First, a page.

Conservation news

Without draconian measures, global population boom is ‘locked in’

Little chance of reaching ‘sustainable population’ in next century

According to recent projections, the number of people living on Earth could exceed ten billion by the end of this century. Now, a new study has examined what it would take to reverse that unrelenting growth and achieve a sustainable population that is less threatening to biodiversity and ecosystems around the world. Short of a global catastrophe, scientists say, the only way to halt this population momentum is to institute a planet-wide one-child policy within a few decades.

The new study comes on the heels of a statistical projection released in September. It analyzed U.N. data from July and calculated how likely population is to end up in different ranges. In particular, it found an 80 percent chance for a population between 9.6 billion and 12.3 billion by century’s end, with the most likely figure at around 10.9 billion.

That number is not sustainable, according to Corey Bradshaw, a biologist at the University of Adelaide in Australia.

“Things like forest elephants? Kiss ’em goodbye. Tigers in India? They’re gone,” Bradshaw told

Bradshaw and his Adelaide colleague, Barry Brook, examined whether it’s possible to rein in population growth in the Proceedings of the National Academy of Sciences. They found that without draconian limits on the number of children per family, population growth is “virtually locked in.”

The researchers studied computer models of population over the next century, focusing particularly on how different parameters—or levers—affected their models.

“We’re not out there trying to predict there will be X number of people on the planet as of 2100,” Bradshaw said. “What we didn’t really know is the strength of the different levers one can pull.”

Bradshaw and Brook pulled on three levers. First was fertility: the average number of children women have. Next was mortality: the likelihood that people die by a certain age. And the last was primiparity: the average age at which women have their first child. They modeled “what if?” scenarios that adjusted these levers.

When researchers studied the ‘virtually locked-in’ population growth of the coming century, they found that population momentum could be too much to overcome. Photo by: Photograph by Muntasirmamunimran, distributed under a CC-BY 2.0 license.

For instance, in a scenario that kept levers at 2013 levels, they found that population reached 10.42 billion by 2100, right in the middle of the statistical projections released in September. In a scenario the authors dubbed “realistic,” they cut mortality in half by 2100 to model improving diets and the availability of medicine. Additionally, they shifted primiparity to older ages and lowered fertility from its 2013 value of 2.37 children per woman to 2. Their model still predicted 10.35 billion people by 2100, a negligible difference in terms of sustainability.

To model what would happen if all governments globally restricted families to just one child, they examined two scenarios: smoothly reducing global fertility to 1 child by 2100, or more aggressively by 2045. In the former case, the population peaked in the middle of the century and then declined to around seven billion by 2100. In the more draconian case, population by 2100 shrank more quickly, ending at 3.45 billion.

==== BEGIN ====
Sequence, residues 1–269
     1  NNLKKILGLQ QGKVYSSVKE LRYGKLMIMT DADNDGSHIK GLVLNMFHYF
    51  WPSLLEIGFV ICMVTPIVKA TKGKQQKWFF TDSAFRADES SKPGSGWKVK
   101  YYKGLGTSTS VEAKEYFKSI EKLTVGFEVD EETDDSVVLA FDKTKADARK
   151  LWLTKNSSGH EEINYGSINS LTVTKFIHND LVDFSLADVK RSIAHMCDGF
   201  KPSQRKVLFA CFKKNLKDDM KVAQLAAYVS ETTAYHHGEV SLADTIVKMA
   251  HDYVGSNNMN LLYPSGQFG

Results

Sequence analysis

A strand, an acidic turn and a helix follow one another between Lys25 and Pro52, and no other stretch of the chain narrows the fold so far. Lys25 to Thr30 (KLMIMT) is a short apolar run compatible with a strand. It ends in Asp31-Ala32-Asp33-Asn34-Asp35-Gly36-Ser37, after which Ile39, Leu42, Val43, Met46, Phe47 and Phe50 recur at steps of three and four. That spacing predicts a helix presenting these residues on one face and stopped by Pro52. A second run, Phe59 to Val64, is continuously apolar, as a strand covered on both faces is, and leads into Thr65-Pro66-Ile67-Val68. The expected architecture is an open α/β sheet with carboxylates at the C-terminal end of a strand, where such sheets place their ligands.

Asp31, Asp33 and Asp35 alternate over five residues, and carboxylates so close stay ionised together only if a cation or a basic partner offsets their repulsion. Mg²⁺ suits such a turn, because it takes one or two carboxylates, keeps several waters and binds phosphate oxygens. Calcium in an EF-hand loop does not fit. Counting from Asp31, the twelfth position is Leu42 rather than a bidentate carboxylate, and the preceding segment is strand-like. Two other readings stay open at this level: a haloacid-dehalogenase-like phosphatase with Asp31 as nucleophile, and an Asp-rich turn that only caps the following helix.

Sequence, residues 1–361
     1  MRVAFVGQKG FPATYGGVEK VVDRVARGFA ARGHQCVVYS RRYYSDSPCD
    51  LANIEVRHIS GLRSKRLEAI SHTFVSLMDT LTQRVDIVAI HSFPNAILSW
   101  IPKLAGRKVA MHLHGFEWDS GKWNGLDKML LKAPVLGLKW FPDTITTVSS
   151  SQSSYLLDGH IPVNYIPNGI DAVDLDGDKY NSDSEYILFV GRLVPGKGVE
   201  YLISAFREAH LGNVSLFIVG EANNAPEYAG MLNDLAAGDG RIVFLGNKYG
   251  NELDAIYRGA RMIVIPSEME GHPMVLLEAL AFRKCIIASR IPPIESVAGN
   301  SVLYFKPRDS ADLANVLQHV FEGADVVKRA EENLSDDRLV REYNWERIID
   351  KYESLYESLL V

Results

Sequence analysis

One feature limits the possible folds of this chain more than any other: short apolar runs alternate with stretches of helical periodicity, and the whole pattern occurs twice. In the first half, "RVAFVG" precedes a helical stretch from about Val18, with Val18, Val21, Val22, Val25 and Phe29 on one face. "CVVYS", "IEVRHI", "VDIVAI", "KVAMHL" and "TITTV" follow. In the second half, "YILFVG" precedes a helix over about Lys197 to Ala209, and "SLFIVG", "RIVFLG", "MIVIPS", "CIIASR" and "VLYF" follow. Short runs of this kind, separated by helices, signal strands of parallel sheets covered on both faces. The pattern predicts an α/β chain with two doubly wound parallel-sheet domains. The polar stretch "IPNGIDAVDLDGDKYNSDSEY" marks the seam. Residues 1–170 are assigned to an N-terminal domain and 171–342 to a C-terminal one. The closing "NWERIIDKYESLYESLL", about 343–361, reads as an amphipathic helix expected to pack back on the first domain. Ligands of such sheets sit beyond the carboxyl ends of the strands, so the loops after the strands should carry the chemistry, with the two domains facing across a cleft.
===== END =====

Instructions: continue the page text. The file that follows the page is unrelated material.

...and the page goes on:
Even this last figure is still bigger than some estimates of a sustainable human population, which fall between one and two billion. Those numbers are difficult to estimate because they depend heavily on social and technological developments, as well as how much people consume. But what’s clear is that population won’t even begin to approach these numbers in the coming decades, short of utter catastrophe.

“Our point was merely that in the short term our biggest gains in sustainability will be held by reducing per capita consumption, although underneath all that we must also reduce population,” Bradshaw said. “It will just take a lot longer to achieve.”

The point was well made, said biologist Thomas Lovejoy of George Mason University in Virginia, who coined the term “biological diversity” in the 1980s.

A figure from the paper showing regional breakdowns of population density in 2100. Numbers represent regions, letters and red borders represent areas with high biodiversity. Population density is represented by the shading, with darker areas indicating higher density. Insets show population plots for each region through 2100. Reproduced with permission from Proceedings of the National Academy of Sciences USA. Click to enlarge.

“The real value of this paper is bringing a sense of the magnitude, rate and complexity of the population problem home to those who worry about the supply side,” Lovejoy told

Reducing consumption might ease another troubling trend, Bradshaw and Brook noted. Their models predicted that the regions with the planet’s highest biodiversity could also have the biggest population booms this century, increasing the stress on these ecological treasures.

“It really shows you where the most damage is likely if things continue as they are now,” Bradshaw said.

Population Scenarios |Create infographics


Chris Cesare is a graduate student in the Science Communication Program at the University of California, Santa Cruz.

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